A: Absolutely. I think it adds a certain dignity to the idea of uniforms. The fact that a cutting edge designer like Nicole Miller did exclusive patterns for our product line is a type of morale booster to the world of uniforms.

Q: How important are uniforms to a profession?

A: Uniforms have always been important to our profession because they were born out of practicality. The double-breasted front panel allowed a chef to enter the dining room or service looking presentable. The hounds-tooth pattern acted as a camouflage. Today, the growing number of open kitchens brings even more attention to the chef uniform. Customers want to see the chef and it is even more important that he looks professional.

Q: So it’s about being presentable?

A: I think that Chefwear [TM] has raised a certain consciousness about the comfort of uniforms and the work place. It’s not just big guys on the line anymore; the work place has become extremely diverse. There are so many
different body types and personalities. In fact we are completing a series of African print pieces, an idea brought to us by Patrick Clarke before he died. A portion of the sales will be used to establish a trust fund for his children.

Q: You sponsored a “Design a Jacket” competition from which you were going to manufacture the winner’s design. How did that go?

A: I was amazed by the number of interesting ideas. People spent so much time and money on their designs. There was a great Ying-Yang jacket that I loved, one made with material from NASA, and a crazy velvet jacket that just wasn’t practical. There were also a lot of designs that incorporated mesh vents in the side panels. That may be something we use in the future. The response was overwhelming and it was a great opportunity to raise money for Share Our Strength.

 

Q: How did your involvement with Share Our Strength evolve?

A: We met them several times at different occasions and I was very impressed by the number of people they reach. Because our client base is national, we felt it was important to participate in an organization that provides relief on a national level. We try to stay involved with different charities; I think we have been most involved with Meals on Wheels.

 

Q: You must be approached by many charities, how do you choose?

A: Well I think it is important to understand that there is philanthropy and then there’s charity. You have to decide what your goal is. We try to find both national and local charities but it can be really difficult because you don’t want to say no to anyone. We also think it is important, since we are a food industry related business to support those programs which support feeding people. There are companies like Hanna Andersson, a children’s clothes retailer and Ben and Jerry’s ice cream that have set great examples for us. It’s really about wanting to contribute.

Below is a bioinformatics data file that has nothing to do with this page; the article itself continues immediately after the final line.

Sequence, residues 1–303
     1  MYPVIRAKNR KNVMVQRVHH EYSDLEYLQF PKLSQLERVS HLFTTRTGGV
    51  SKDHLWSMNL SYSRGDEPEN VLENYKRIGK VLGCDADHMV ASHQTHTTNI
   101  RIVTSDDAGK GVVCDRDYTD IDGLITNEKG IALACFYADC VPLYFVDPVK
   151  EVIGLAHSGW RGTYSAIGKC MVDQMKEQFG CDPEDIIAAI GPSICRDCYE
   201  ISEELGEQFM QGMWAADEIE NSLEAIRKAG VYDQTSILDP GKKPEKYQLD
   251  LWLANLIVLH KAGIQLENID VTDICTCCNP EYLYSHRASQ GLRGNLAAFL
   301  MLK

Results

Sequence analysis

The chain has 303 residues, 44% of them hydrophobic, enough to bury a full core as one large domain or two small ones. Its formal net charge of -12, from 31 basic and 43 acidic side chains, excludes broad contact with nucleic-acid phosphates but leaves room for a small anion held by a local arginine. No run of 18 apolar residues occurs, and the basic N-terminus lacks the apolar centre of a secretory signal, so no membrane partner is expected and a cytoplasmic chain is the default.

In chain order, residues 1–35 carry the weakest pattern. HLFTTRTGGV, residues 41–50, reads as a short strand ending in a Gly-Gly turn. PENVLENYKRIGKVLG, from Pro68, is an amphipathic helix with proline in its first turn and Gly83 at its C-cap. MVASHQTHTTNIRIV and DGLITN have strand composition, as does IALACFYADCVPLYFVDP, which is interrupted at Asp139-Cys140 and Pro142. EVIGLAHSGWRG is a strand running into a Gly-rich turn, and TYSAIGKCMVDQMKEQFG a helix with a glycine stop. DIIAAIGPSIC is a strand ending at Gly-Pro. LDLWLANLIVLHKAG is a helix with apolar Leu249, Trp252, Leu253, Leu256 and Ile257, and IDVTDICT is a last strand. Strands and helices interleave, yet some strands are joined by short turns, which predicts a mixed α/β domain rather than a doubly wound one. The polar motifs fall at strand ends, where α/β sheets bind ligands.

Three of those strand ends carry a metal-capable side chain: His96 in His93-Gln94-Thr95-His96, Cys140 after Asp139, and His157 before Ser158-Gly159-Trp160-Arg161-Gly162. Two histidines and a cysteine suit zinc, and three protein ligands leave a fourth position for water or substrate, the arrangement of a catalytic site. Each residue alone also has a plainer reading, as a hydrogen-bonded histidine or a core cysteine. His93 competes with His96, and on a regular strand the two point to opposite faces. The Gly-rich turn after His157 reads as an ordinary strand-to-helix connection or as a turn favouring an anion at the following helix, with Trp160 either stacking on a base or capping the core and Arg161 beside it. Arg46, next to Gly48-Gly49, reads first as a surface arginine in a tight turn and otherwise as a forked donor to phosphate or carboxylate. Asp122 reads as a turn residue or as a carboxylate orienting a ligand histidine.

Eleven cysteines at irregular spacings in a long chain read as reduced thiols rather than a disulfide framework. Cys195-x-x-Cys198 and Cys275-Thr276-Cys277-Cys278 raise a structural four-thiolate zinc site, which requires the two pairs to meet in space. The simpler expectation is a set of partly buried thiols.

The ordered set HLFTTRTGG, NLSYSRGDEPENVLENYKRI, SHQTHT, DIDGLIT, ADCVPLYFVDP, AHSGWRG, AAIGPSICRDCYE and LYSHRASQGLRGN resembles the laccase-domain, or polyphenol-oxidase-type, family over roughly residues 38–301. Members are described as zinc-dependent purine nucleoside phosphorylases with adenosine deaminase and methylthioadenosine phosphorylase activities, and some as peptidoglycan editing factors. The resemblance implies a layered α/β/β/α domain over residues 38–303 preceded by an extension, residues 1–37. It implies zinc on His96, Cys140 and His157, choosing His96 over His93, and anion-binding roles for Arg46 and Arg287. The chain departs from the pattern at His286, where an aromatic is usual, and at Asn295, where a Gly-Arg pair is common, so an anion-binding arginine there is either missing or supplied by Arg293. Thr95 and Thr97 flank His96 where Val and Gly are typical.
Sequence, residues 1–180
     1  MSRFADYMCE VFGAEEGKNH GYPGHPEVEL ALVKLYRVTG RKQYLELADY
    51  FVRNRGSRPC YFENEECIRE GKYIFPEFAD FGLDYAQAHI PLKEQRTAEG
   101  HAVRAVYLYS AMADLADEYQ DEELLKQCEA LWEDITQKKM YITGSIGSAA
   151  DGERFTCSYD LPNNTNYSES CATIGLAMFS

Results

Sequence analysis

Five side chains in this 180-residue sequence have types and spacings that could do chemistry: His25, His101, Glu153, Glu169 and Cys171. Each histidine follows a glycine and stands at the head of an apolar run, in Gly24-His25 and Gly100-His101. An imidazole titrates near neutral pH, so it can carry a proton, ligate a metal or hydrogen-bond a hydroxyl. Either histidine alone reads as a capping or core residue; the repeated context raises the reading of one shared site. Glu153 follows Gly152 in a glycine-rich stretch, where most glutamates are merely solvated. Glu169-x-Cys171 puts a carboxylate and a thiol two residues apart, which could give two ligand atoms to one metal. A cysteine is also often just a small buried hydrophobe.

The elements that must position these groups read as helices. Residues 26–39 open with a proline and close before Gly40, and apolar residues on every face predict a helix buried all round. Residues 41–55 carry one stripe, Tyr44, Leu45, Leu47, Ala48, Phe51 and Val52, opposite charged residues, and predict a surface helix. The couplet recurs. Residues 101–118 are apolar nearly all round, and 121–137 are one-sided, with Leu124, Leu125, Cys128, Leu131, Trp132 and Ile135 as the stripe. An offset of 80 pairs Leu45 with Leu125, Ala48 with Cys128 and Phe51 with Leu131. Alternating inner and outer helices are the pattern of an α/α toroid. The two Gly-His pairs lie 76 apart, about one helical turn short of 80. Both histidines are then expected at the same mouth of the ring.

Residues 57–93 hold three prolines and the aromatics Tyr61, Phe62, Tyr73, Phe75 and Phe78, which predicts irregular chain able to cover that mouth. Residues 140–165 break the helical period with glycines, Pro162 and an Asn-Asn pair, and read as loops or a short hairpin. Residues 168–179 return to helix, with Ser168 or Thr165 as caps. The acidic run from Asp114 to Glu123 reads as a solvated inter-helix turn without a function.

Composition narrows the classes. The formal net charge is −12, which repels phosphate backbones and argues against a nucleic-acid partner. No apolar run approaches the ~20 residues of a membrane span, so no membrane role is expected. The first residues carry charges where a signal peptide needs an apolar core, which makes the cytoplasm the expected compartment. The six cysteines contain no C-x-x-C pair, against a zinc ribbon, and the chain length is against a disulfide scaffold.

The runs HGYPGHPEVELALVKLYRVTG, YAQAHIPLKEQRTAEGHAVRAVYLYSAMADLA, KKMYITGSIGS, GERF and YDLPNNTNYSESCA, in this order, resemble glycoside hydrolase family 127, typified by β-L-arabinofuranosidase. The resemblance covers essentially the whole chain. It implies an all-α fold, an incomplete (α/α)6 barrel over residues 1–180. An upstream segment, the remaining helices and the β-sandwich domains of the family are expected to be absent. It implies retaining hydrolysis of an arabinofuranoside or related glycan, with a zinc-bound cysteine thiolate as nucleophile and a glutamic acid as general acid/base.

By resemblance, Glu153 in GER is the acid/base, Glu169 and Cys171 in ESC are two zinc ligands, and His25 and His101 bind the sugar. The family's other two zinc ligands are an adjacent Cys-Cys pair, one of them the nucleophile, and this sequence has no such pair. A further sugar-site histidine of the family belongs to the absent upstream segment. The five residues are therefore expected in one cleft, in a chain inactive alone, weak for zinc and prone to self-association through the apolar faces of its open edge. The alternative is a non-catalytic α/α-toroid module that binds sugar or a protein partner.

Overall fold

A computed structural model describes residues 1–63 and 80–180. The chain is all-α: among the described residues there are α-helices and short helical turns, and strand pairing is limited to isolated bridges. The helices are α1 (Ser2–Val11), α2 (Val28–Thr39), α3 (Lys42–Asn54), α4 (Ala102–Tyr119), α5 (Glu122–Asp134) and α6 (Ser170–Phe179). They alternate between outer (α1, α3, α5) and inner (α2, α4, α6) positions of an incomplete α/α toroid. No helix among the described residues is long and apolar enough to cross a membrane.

Interviewer’s Thoughts

Athletes, dancers, musicians, chefs, every profession wears their coat of arms on their sleeve. Though uniforms signify a brotherhood, history, and craft, they say nothing about the individual. Like fashion, the world of food represents more than a profession, it represents lifestyles of the time. The relationship between artist and audience is becoming more casual as chefs become an extension of our own kitchen. Good or bad, today’s chef is more than his food. He is a persona, a celebrity, a trend setter. In his comfort, a chef is more apt to challenge conventional wisdom, and replace it with what suits his style. So it was with a young student who traded coasts to attend culinary school and ended up breathing new life into a uniform that has remained relatively unchanged for the last 200 years.

Founder and President of Chefwear[TM], Rochelle Huppin Fleck reveals the secret to her success has less to do with being business savvy and more to do with being a chef herself. “I think the key is that we are not a purveyor selling to chefs–chefs hate purveyors,” Rochelle offers. “In fact I wasn’t really ‘in business’ when I first started. I was just making pants for myself.” It wasn’t until several years after she started her business that she even considered leaving the kitchen. As her network of chef-friends grew, so did the interest in her ‘au currant’ baggy bloomers. “Chefs are young, creative people, they really welcomed the opportunity to create their own clothes,” Rochelle explains. “The Chefwear catalogue features chefs in customized pants and jackets. Of course there was a great response to the ads,” recalls Rochelle. “There was always a buzz in the kitchens about who and what was going to be in the next catalogue.” But by 1992, the growing business demanded her full-time attention. With the help of her then boyfriend, now husband, Gary, Rochelle devoted all her time to Chefwear and continues to run the business from Los Angeles.

Part of her success is also a reflection of the hands-on support she lends to the food industry. Though most of her time is dedicated to the Chefwear line, she occasionally steps into the kitchen for a variety of special events, including a benefit hosted by Hillary Clinton for 1000 guests. Chefwear remains loyal to the needs of the industry, both in the kitchen and at the table. Like so many of her customers, fellow chefs, and friends, Rochelle is an avid supporter of industry organizations, among them: The American Culinary Federation, The James Beard Foundation, Les Dames d’Escoffier, and Women Chefs and Restaurateurs. Though she dresses the star chefs, her real passion was born through outfitting the needs of those who are often not in the spotlight.